Miami Law Human Rights Clinic Submits Four Reports to the United Nations Alleging Violations in the U.S.

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Human Rights studentsHuman Rights clinic students with Tamar Ezer

When the Fall semester began in mid-August, most students in the Human Rights Clinic had only a vague notion of what advocacy before the United Nations meant. By the first week in October, eleven HRC students, under the supervision of Professors Caroline Bettinger-Lopez, Tamar Ezer, and Denisse Córdova Montes, were knee-deep in writing four Universal Periodic Review reports to the UN Human Rights Council, alleging human rights violations by the United States.

The UPR is a mechanism of the U.N. Human Rights Council that began in 2006 and is responsible for reviewing the human rights record of every government that is a member of the U.N., regardless of whether that country has ratified any U.N. human rights treaty. It is the sole procedure that allows the human rights records of all U.N. member states to be reviewed and assessed for compliance, providing a unique opportunity for the international community to discuss all human rights issues around the world.

The UPR is an inter-governmental peer review process where questions and recommendations concerning a state’s human rights record are made by other governments. Thus, political relationships between states can affect the types of questions and recommendations made to states under review. The UPR is also a way for countries to show what steps they have taken to address human rights violations, or otherwise improve the conditions of their country; this has an immense power to influence other countries to do the same.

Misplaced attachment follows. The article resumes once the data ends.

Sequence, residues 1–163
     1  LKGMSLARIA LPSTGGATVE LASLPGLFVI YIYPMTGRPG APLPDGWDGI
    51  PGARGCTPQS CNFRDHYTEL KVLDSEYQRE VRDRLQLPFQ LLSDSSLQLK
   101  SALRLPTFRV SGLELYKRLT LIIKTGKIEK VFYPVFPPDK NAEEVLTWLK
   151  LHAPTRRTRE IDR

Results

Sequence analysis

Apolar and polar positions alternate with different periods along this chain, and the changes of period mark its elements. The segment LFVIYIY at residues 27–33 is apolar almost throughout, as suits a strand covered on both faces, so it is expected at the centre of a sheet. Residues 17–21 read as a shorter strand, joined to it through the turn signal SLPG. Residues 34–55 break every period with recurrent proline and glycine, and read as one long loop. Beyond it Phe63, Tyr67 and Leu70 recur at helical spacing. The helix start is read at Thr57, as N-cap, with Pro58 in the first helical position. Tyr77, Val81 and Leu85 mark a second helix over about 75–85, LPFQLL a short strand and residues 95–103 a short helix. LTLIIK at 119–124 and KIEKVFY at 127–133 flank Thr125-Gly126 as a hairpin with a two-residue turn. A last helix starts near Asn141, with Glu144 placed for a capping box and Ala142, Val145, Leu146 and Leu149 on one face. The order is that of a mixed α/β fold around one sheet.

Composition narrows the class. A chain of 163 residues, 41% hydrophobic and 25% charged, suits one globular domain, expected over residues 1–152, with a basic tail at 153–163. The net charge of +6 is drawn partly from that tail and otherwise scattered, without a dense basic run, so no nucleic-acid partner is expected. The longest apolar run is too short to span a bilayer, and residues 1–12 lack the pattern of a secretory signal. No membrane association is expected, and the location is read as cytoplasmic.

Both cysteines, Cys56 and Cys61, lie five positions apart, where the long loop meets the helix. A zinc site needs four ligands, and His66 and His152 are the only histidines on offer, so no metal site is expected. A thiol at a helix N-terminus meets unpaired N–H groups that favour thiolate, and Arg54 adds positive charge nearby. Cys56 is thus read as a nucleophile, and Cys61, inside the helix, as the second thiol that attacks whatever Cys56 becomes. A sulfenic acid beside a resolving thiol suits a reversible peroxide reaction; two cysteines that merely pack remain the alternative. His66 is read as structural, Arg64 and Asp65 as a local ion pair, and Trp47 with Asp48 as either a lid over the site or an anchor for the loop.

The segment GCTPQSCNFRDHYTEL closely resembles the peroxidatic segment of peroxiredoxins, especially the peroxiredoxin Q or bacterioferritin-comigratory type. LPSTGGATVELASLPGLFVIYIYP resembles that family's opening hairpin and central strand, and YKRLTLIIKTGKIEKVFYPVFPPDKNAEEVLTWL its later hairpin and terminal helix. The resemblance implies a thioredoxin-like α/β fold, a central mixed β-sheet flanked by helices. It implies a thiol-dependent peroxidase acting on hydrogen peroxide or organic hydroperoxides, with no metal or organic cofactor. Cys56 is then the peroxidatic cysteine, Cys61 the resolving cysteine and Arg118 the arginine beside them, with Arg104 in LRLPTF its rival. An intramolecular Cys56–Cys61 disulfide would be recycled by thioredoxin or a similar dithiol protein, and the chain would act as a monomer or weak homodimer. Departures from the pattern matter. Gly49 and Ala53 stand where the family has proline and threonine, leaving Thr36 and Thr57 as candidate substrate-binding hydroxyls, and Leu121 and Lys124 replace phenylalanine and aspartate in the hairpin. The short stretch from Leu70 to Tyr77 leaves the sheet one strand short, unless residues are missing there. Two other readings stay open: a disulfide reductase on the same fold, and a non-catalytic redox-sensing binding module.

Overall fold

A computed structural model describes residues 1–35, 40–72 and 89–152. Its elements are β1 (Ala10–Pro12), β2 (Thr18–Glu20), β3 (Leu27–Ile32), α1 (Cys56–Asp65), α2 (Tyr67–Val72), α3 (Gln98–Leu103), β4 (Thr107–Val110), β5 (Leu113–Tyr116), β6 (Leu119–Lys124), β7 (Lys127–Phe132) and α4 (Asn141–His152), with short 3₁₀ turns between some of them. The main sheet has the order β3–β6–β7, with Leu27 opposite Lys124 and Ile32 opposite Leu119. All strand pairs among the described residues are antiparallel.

Documentation and reporting of human rights violations by civil society is an important contribution that influences the UPR process. Civil society organizations are invited to participate in national consultations held by the country under review, send information on the human rights situation in the country, and lobby members of the UPR before and during the actual review. After the review, a strong and organized civil society is of crucial importance for the successful monitoring and implementation of the UPR recommendations.